With traditional retirement accounts, you typically have the option of paying taxes now or paying taxes later. To truly optimize your choice between these two options, you would need to know your tax bracket in retirement. That’s because the bet you make when deciding between the traditional IRA or 401(k) and the Roth IRA or Roth 401(K) all depends upon your tax bracket in retirement as compared to your tax bracket today.
If your tax bracket in retirement is lower than it is during your working years, you are better off saving money in a traditional IRA or a traditional 401(k) plan. However, if your tax bracket in retirement is higher than it is during your working years, you are better off saving money in a Roth IRA or a Roth 401(k).
With a Health Savings Account (HSA), you have a far-superior option: you don’t pay taxes at all. An HSA allows you to claim a tax deduction with the initial contribution to your HSA and then withdraw that money tax-free when you use it to cover qualified medical expenses in the future.
While you could use your HSA as a specialized savings account by simply leaving the money in the account until you need it for medical bills, the real benefit comes when you use it as an investment vehicle for your retirement. Most HSA providers allow you to invest the funds within your account, and the earnings on your investments will grow tax-free as long as the proceeds are used for medical expenses.
Example: The table below shows that a taxpayer in the 24% tax bracket would be indifferent between the Roth IRA and the traditional IRA if their marginal tax bracket in retirement (24%) is also 24% during their working years. In order for the Roth to benefit the taxpayer, their marginal tax bracket must be higher in retirement than what it is during their working years.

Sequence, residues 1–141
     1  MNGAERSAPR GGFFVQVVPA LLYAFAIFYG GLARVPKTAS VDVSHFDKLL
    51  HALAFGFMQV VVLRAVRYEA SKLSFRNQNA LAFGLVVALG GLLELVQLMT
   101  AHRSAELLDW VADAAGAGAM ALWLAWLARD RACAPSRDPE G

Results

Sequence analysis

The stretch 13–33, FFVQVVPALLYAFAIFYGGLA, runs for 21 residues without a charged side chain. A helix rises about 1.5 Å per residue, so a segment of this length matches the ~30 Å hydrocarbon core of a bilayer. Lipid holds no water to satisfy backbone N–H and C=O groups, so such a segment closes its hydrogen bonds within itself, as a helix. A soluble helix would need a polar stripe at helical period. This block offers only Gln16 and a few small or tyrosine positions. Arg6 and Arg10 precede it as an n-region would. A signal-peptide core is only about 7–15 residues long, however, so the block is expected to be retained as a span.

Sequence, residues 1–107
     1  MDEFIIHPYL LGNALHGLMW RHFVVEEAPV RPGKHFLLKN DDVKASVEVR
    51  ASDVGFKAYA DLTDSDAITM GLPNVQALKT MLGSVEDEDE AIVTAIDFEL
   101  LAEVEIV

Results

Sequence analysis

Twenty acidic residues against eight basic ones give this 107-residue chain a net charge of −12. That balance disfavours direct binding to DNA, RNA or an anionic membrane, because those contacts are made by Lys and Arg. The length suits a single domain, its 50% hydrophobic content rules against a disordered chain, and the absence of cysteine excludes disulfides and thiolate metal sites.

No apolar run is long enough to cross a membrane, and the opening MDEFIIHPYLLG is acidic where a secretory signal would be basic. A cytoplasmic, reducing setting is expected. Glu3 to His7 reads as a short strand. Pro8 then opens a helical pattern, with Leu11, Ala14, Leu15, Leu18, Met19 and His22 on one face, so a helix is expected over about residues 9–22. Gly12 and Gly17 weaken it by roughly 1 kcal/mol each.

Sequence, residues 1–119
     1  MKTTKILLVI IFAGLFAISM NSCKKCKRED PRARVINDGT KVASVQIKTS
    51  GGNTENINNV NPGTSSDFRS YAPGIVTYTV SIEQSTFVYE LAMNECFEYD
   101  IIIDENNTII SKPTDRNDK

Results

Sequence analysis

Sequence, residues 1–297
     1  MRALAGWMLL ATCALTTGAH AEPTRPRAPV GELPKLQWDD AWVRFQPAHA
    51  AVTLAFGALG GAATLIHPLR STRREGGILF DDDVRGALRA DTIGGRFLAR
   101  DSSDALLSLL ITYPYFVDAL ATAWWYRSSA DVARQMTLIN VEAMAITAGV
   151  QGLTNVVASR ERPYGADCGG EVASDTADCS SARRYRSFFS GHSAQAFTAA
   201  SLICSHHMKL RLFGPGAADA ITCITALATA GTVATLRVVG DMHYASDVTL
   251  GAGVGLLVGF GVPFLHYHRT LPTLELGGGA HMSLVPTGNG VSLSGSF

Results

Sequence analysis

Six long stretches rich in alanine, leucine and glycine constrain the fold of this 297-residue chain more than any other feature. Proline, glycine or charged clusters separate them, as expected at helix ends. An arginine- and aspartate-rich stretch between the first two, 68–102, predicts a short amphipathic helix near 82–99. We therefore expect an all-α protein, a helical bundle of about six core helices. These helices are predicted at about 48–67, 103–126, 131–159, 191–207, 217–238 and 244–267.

Benefit of the HSA Relative to the Roth or Traditional IRA: $7,500
This example is for illustrative purposes only. This example assumes an approximate 8% return on invested capital and there is no guarantee that your investment will earn this return, or any return.
Qualifying for a Health Savings Account
The biggest drawback to Health Savings Accounts is you can only contribute to one while you are covered under a High-Deductible Health Plan. A High Deductible Health Plan is a health insurance plan that meets specific requirements for deductibles and out-of-pocket maximums. For 2021 these thresholds are:
Deductibles of at least $1,400 for individual coverage or $2,800 for family coverage
Out-of-pocket maximums that do not exceed $7,000 for self-only coverage or $14,000 for family coverage
If your health insurance plan meets these criteria you are eligible to contribute to a Health Savings Account. There are no income limitations on HSA contributions.
For 2021, if you have a qualifying health plan you can contribute up to $3,600 if you have an individual health plan or $7,200 if you have a family health plan. Married couples can each have their own HSA, but their combined contributions cannot exceed $7,200. If you are over the age of 55 you can make an additional catch-up contribution of $1,000.
Save on Payroll Taxes with Paycheck Contributions
If your employer offers an HSA, you can make contributions directly through your paycheck. This option provides additional tax savings because contributions you make through salary reductions reduce your Social Security and Medicare taxes in addition to your income taxes. Going back to our example above, if you contributed $6,500 through salary reductions you would reduce your Social Security and Medicare taxes by $497. As an added bonus, some employers may match your contributions to your HSA.